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Senior Hunger and Food Insecurity Are Growing Problems

Older adults are dealing with rising food prices by spending more money and buying cheaper brands.

Most adults 50-plus believe senior hunger is problematic, and the view that senior hunger is a big problem has risen in the last year.

AARP's advocacy work on senior hunger is seen as important by majorities of men and women, irrespective of age, with income being a key a driver of views toward AARP's advocacy on this issue.

When asked how increasing grocery prices have affected how they shop for food, about half of adults 50-plus report spending more money and buying cheaper brands.  And when tradeoffs are needed to pay for food, transportation expenses are the ones most commonly reduced by midlife and older adults, followed closely by utilities.

Rising food prices are now affecting one-half of adults 50-plus at least several shopping days, with the percentage saying prices have never affected their ability to access food dropping notably from February to December 2022.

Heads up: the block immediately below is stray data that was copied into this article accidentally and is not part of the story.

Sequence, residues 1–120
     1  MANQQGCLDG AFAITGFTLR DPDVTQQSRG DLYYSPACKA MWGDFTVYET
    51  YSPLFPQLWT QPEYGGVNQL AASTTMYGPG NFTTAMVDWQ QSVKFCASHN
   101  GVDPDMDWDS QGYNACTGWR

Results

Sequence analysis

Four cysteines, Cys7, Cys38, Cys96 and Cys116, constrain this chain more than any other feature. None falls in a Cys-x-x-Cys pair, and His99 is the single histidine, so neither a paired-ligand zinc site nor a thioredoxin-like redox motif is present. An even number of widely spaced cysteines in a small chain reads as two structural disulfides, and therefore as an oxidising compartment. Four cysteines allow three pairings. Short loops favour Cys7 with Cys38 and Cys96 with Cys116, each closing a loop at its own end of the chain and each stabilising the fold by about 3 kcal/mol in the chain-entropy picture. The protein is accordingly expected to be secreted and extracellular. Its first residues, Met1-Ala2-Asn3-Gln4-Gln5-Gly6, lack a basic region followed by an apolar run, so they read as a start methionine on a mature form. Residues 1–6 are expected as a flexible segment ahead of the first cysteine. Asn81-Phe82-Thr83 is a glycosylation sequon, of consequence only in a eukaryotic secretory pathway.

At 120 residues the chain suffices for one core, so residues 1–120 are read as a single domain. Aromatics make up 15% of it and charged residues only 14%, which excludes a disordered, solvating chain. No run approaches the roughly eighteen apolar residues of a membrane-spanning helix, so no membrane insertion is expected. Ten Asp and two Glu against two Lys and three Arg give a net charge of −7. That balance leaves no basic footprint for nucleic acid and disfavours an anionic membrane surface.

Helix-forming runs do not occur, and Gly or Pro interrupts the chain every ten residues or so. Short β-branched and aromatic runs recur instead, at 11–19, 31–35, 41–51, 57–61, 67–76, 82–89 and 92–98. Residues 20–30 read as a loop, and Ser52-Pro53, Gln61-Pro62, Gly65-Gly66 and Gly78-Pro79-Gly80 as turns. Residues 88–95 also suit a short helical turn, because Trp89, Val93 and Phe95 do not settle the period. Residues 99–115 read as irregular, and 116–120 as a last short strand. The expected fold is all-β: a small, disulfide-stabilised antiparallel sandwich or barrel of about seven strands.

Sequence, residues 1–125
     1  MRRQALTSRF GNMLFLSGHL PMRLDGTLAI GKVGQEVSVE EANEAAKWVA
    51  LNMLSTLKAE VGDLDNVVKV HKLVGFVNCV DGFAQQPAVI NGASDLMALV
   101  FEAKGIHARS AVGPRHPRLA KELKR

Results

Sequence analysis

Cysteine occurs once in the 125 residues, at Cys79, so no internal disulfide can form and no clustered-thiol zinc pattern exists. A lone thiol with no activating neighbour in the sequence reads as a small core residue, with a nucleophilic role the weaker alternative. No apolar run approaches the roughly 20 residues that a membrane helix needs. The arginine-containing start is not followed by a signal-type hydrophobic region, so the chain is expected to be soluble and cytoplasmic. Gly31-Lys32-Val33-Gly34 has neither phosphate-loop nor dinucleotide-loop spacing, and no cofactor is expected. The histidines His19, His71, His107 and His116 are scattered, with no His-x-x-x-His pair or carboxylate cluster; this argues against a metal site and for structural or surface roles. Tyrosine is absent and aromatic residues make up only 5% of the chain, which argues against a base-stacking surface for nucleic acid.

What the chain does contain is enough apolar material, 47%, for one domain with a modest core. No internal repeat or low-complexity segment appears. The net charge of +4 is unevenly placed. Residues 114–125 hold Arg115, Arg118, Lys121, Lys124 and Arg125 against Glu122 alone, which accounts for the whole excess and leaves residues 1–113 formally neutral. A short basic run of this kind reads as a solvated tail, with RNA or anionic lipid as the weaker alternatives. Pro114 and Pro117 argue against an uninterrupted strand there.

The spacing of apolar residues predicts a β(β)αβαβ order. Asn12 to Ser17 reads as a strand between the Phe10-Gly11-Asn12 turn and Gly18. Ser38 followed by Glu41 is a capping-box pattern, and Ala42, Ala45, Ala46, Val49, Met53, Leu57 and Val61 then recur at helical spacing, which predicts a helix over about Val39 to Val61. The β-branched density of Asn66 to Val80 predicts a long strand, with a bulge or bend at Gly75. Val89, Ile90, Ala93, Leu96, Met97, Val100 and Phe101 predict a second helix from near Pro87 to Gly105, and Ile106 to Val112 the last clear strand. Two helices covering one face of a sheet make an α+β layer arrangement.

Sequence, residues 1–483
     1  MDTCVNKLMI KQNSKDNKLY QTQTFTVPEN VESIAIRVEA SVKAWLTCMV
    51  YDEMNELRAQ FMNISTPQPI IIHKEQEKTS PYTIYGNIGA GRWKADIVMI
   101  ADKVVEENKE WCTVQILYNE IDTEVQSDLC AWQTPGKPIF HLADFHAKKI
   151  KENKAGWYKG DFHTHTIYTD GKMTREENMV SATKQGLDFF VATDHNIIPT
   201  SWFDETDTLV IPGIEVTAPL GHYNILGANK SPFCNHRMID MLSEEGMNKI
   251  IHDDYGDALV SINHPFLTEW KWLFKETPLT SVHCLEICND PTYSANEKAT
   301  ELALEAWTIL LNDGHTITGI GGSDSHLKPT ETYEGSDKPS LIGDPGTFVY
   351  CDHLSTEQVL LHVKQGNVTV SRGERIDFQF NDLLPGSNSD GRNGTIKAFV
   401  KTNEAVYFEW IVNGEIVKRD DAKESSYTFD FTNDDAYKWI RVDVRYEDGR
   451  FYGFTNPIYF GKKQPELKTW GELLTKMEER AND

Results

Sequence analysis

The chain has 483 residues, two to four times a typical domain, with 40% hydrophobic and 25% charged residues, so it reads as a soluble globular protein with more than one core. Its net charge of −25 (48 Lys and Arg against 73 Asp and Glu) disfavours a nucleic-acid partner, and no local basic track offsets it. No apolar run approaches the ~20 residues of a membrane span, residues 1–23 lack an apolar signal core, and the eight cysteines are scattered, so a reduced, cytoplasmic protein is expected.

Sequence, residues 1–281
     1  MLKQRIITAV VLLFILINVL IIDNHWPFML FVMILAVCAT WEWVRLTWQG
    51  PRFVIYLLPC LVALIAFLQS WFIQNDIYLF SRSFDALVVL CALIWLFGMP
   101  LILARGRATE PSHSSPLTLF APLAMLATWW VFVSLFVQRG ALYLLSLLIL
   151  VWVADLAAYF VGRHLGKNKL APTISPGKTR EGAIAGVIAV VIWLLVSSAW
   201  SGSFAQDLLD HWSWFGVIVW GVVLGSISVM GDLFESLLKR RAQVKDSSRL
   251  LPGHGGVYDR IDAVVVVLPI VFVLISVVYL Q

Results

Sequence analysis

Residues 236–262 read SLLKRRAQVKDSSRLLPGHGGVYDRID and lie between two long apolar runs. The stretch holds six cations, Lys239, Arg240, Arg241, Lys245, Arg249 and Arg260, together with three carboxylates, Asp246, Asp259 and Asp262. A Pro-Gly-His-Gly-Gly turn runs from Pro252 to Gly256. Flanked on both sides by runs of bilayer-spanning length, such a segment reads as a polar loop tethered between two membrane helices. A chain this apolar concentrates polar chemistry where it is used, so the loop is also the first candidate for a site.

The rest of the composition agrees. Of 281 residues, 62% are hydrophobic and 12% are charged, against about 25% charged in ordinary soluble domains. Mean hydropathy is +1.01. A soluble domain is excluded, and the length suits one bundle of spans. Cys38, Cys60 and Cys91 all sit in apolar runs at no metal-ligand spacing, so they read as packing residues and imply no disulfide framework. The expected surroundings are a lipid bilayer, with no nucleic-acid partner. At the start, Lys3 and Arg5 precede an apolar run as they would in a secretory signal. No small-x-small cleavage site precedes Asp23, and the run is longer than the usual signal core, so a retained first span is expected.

Rising food prices are the top factor affecting midlife and older adults' ability to access food.  Along with rising food prices, low wages, physical disability, unemployment, and travel, challenges are more likely to negatively affect access to food among adults 50–64 than among those 65 and older.


The 2022 Hunger Trends study was conducted by the National Opinion Research Center (NORC) at the University of Chicago for AARP.  U.S. adults ages 50 and older were surveyed through the online NORC AmeriSpeak 50+ Omnibus to learn more about hunger among midlife and older adults and to determine whether the lingering effects of the COVID-19 pandemic were affecting adults' ability to purchase affordable food.

The survey interviews averaged 12 minutes in length by telephone and 8 minutes in length online. The interviews were conducted in English at four points in time: February 24–March 1, July 21–July 26; September 15–September 19; and December 8–December 2022.

In February, 1,149 completed interviews; in July, 1,024 completed interviews; in September, 1,004 completed interviews; and in December, a total of 1,173 completed interviews.

For more information, contact Teresa A. Keenan, For media inquiries, contact

Suggested citation:

Keenan, Teresa A. and Cheryl Lampkin. 2022 Hunger Trends Among Adults 50-Plus. Washington, DC: AARP Research, February 2023.

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